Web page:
Sam Konata pauses to recall the first time he cooked a vegetarian meal for someone. He squints, lifting his eyes toward the enormous red, black, and green crocheted cap perched atop his head. Inside the hat are more than 16 feet of dreadlocks that he began growing when he became a Rasta nearly 50 years ago.
His lips curl into a wistful grin, revealing glittering silver teeth. "I cooked 'em up big, chewy flour dumplings with ackee. That filled 'em up all day, no problem."
It's been decades since Konata, 58, dished out that first vegetarian meal. These days at Konata's, his small place on NW Seventh Avenue, he serves up as many fist bumps as he does sweet, sticky slices of vegan banana bread.
Konata's menu, like several others in the area, is rooted in the Rastafari religion that blossomed in Jamaica in the 1930s. It's based on a diet called Ital (rhymes with "vital") that evolved from Hindu vegetarian traditions delivered to Jamaica by indentured Indian servants who arrived with the British. The rules are simple, Konata explains: "Nothing that eat, walk, swim, or crawl."
He moved to Miami in the late 1980s, fleeing Kingston's violence and economic doldrums. He opened his first shop in 1989 on NW 167th Street, where it stood for more than two decades. Five years ago, he moved to the location on NW Seventh Avenue just south of 135th Street. It's easy to spot thanks to the red, yellow, and green trim and window shades.
Inside, the walls are decorated with regal portraits of Ethiopian emperor and Rastafarian prophet Haile Selassie wearing glittering military garb. A framed picture of Konata alongside an ochre-draped monk hangs next to a wood-and-Plexiglas counter where orders are taken. It's a simple process. Just fork over $11.67 and Konata packages up that day's dish. On a recent afternoon, it's a steaming heap of tender brown rice and red quinoa piled next to sweet slices of yellow yams. They're drowned in a savory stew of crushed hemp seeds steeped in tomatoes with a fragrant blend of leeks, parsley, tarragon, and chives.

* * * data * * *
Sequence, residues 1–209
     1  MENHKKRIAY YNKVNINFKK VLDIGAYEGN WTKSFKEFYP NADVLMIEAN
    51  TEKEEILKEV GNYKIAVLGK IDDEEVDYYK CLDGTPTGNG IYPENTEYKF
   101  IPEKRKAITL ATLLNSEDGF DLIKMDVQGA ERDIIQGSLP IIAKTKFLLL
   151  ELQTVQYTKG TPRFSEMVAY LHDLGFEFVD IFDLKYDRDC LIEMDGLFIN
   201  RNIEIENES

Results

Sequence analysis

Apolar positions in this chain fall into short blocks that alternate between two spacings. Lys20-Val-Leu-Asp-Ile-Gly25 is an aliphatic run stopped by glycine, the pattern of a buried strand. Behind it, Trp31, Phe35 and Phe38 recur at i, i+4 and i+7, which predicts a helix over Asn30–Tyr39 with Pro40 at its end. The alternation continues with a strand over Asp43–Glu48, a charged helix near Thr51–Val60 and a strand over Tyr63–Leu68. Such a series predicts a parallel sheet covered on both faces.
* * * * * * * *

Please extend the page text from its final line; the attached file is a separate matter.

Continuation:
It's all crowned with a baked plantain that outweighs its deep-fried counterparts dished out at Miami's countless cafeterias. A slow roast intensifies the fruit's natural sweetness and forms an addictive, caramel-like crust at its edges.
The plate is rounded out with a stew of pigeon peas and big, meaty cannellini beans that offer a variety of textures, seasonings, and spice akin to an Indian vegetarian meal. Finally, there's a slice of sweet, sticky cake ($2.14) made with molasses-laced whole cane sugar.
A less strict but no less complex or flavorful take on the Ital diet is offered by 64-year-old Bobby Effs, whose takeout joint, Bobby's Meals, is tucked out of sight in a warehouse complex on Opa-locka Boulevard near NW 22nd Avenue. He eats and serves fish, which tradition permits as long as they're under a foot long.
Effs was born in Saint Mary Parish on Jamaica's north coast and at a young age became the cook for a family of eight that relocated to Kingston. He didn't become a dedicated Rasta until 1972, when he was 18 years old and heard a recorded speech by Marcus Garvey. It espoused the search for what Effs calls a "black king" who would unite the African diaspora and return it to its homeland. "Rasta isn't about the locks," he says, adjusting his own, which are wrapped in a black-and-brown bulb bigger than his head. "Being a Rasta is living the concept of a holy person, trying to live right in every way you can. That's what we're trying to do here."